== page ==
UA-59049186-1 Who is The Biggest Draft Bust in NFL History? - Good if it Goes

Who is The Biggest Draft Bust in NFL History?

Who is the biggest draft bust of all time? 

 

To break this down you have to factor in a few things.  Expectations, draft position and production in the NFL. The expectations are high because the NFL is a business.  If you’re selected in the first round and you’re a top five pick, teams are expecting big things out of you, and that’s why these players are some of the worst draft picks of all time. 

NFL Draft

Ereck Flowers

Take Ereck Flowers, for example. the Miami offensive tackle was selected ninth overall, in the 2015 NFL Draft by the New York Football Giants. Ereck Flowers played Left Tackle and a left tackle has one job, protect the quarterbacks blindside…Does this look like the face of a guy who is protected. Flowers was released by the Giants in 2018 and has played on three teams since. 

 

Another offensive lineman that comes to mind as an absoulte bust is Tony Mandarich.  Billed as the best offensive lineman prospect ever by Sports Illustrated, Tony Mandarich was selected with the No. 2 pick by the Packers in 1989. Now he ruined everything himself in fantastic fashion.  He started with a holdout and it was all down hill from there. 

 

Bo No’s

Bo Jackson

If you want to look at dumb draft decisions, look no further than drafting Bo Jackson—Hold on a minute before you start yelling. In the 1986 draft, the Tampa Bay Buccaneers drafted Bo Jackson out of Auburn first overall.  The issue was, Bo refused to play for owner Hugh Culverhouse, who ruined Jackson’s senior year of collegiate baseball, when they sent a private plane to pick him up for a visit.  Bo told Culverhouse “Not to draft him” and Tampa Bay didn’t listen. Jackson went on to play with Major League Baseball’s Kansas City Royals. Jackson would later go on to sign with the Raiders, where he’d play four seasons.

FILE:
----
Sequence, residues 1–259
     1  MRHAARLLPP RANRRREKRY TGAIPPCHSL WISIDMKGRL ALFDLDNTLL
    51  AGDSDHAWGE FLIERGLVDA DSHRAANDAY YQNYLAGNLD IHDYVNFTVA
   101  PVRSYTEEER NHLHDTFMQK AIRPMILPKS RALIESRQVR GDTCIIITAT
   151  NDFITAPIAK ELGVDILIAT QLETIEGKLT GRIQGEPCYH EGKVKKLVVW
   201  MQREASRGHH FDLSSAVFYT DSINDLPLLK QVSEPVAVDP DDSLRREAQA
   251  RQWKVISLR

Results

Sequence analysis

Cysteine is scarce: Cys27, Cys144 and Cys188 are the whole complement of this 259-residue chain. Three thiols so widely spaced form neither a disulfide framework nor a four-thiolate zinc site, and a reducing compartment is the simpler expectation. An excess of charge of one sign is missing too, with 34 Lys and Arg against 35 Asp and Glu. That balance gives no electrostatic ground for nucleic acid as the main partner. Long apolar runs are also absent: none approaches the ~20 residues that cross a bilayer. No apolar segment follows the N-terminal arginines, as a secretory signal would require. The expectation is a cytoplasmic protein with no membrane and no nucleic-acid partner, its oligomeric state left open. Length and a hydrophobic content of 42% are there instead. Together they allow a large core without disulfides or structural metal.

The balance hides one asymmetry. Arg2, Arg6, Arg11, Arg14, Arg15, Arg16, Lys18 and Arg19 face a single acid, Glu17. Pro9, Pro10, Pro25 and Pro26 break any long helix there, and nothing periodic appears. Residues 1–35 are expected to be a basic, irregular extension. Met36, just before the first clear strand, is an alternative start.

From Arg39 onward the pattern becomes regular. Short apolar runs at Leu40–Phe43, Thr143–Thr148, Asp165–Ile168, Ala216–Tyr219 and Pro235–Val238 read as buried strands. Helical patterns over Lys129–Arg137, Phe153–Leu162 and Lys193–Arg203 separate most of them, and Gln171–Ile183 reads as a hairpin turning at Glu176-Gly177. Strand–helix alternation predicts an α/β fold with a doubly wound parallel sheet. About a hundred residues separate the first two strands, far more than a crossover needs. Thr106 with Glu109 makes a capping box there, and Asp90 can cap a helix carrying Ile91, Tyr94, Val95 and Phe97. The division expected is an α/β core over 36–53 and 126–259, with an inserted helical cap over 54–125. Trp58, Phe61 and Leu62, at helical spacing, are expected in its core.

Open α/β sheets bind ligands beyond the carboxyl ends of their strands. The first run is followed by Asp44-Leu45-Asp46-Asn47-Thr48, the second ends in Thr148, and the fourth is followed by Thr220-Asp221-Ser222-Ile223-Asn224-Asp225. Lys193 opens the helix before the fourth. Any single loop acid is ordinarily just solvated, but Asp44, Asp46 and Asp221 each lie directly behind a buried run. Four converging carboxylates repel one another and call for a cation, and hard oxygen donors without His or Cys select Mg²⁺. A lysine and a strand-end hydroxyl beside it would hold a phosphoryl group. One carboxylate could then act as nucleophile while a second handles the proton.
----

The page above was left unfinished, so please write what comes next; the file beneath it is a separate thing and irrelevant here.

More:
Bo Knows Football, Bo Knows Baseball, Bo Knows he’s not playing for the Tampa Bay Buccaneers. 

Let’s Make a (Bad) Deal

In the 2012 draft, Cleveland had thier eyes on this running back outta Tuscaloosa, you mighta heard of him.  Now little did we all know that Trent Richardson couldnt find his way out a paper bag, BUT Richardson was regarded as one of the best prospects of the draft and a projected top 5 pick. The Browns swung a trade with the Colts in order to move up a spot. They landed the No. 3 pick and selected Richardson. The Vikings received the No. 4 pick and Cleveland’s fourth, fifth and seventh round picks for 2012. Well, the Browns only had Richardson for his rookie season, because as I mentioned a few moments ago, he couldnt find his way out of a paper bag. He only lasted one seaon in Cleveland as the Browns wound up trading him to the Indianapolis Colts in exchange for a first-round pick in 2014. 

Trent Richardson

One of the absolute worst moves in the draft was the Broncos taking Alphonso Smith.  How much did Broncos head coach Josh McDaniels value cornerback Alphonso Smith? Enough to surrender his 2010 first-round pick in order to obtain the 37th selection from the Seattle Seahawks in 2009. Smith played one year in Denver and was traded to the Detroit Lions for Dan Gronkowski. 

Speaking of the Lions…